What Does A Normal Brain Look Like? : Shots - Health News What does a "normal" brain look like? Something a lot different when researchers make sure that study participants reflect the race, education and income levels of the U.S. at large.
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Studies Skewed By Focus On Well-Off, Educated Brains

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Researchers recruit study participants in the area around them — college towns. So those participants are usually whiter, richer and more educated than the U.S. population.
Roy Scott/Ikon Images/Getty Images

Brain imaging studies have a diversity problem.

That's what researchers concluded after they re-analyzed data from a large study that used MRI to measure brain development in children from 3 to 18.

Like most brain imaging studies of children, this one included a disproportionate number of kids who have highly educated parents with relatively high household incomes, the team reported Thursday in the journal Nature Communications.

For example, parents of study participants were three times more likely than typical U.S. parents to hold an advanced degree. And participants' family incomes were much more likely to exceed $100,000 a year.

So the researchers decided to see whether the results would be different if the sample represented the U.S. population, says Kaja LeWinn, an assistant professor at the University of California, San Francisco School of Medicine. "We were able to weight that data so it looked more like the U.S." in terms of race, income, education and other variables, she says.

And when the researchers did that, the picture of "normal" brain development changed dramatically.

For instance, when the sample reflected the U.S. population, children's brains reached several development milestones much earlier.

One of these milestones involved the total surface of the brain's cortex, which plays a key role in in memory and thought. The unweighted data showed that this surface area continued to increase until after a child's 12th birthday. The weighted data showed a much earlier peak — before age 10.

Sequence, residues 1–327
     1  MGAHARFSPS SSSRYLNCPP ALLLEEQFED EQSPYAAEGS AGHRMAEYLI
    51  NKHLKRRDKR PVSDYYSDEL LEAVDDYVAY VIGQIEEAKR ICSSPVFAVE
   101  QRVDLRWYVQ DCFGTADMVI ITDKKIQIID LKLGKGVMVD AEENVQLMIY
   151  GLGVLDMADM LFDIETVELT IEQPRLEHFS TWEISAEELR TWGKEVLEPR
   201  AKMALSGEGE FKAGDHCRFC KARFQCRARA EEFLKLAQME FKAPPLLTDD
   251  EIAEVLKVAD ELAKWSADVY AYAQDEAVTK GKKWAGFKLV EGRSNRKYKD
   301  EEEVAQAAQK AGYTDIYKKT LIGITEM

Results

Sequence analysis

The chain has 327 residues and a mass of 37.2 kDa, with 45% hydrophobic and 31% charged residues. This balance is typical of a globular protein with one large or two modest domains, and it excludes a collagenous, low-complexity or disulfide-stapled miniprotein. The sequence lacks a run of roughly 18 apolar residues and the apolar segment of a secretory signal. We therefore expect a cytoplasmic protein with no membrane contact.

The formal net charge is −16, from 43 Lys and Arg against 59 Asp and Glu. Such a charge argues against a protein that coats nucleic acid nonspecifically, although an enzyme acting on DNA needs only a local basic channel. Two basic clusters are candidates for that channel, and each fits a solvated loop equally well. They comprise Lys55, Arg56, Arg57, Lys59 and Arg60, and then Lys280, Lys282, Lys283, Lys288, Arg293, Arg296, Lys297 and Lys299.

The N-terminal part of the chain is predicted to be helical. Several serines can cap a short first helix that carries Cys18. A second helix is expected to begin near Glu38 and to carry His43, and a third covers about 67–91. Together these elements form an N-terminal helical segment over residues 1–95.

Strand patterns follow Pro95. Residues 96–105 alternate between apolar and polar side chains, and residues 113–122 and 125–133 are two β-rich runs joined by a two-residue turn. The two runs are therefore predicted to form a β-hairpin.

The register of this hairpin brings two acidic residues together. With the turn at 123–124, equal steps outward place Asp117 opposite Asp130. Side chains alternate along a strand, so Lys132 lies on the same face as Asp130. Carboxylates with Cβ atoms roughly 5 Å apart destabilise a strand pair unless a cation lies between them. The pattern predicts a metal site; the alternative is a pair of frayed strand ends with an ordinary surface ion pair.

Unweighted data also showed several areas in the front and back of the brain developing at the same time. But the weighted data showed a different pattern. Areas toward the back of the brain, which do things like process visual information, developed first. Meanwhile areas toward the front of the brain, which are involved in thinking and judgment, developed later.

This study doesn't look at what those differences might mean for children's emotional and intellectual development. The key point is rather that researchers should make sure that they're looking at a representative sample when they're defining "normal."

The idea that the brain tends to develop earlier toward the back and later toward the front is "more consistent with our broader understanding of brain development," LeWinn says. And it is one reason many brain scientists argue that judgment and impulse control are not fully developed until people reach their 20s.

The study is a reminder that the brains of children from different backgrounds can develop differently, LeWinn says. "The brain is really responsive to experience," she says. "That's something we need to pay attention to."

The results also offer a reminder that brain imaging studies tend to attract an atypical group of people. Participants are likely to live near a major university, where the studies are usually conducted, LeWinn says. They are also "more likely to be white, more likely to be high income, more likely to have more education, and they may have different social networks," she says.

One reason for these differences is that university-based studies tend to attract people who have ties to the school. "Many of the studies we use to understand how the brain works included mostly college students," she says.

It's unrealistic to expect that every brain imaging study sample represents the full range of U.S. residents, Le Winn says. But even small studies should do a better job disclosing the characteristics of people being studied. And larger studies should consider weighting the results to more accurately represent the nation's population, she says.

At least one big study is already trying to address the diversity issue.

The federally funded Adolescent Brain Cognitive Development (ABCD) study is in the process of enrolling 10,000 children ages 9 and 10. Researchers plan to track participants until they become adults using brain imaging as well as information about sleep, attention, substance use, physical activity and sports injuries.

And to make sure the participants reflect the U.S. population, researchers are taking steps to enroll children of diverse races and ethnicities, education and income levels, and living environments.

The team is doing that by recruiting students from carefully selected schools from 21 sites across the country. "Our ultimate goal is to recruit a sample that matches the U.S. population," says Emily Giron, the ABCD project's communications manager.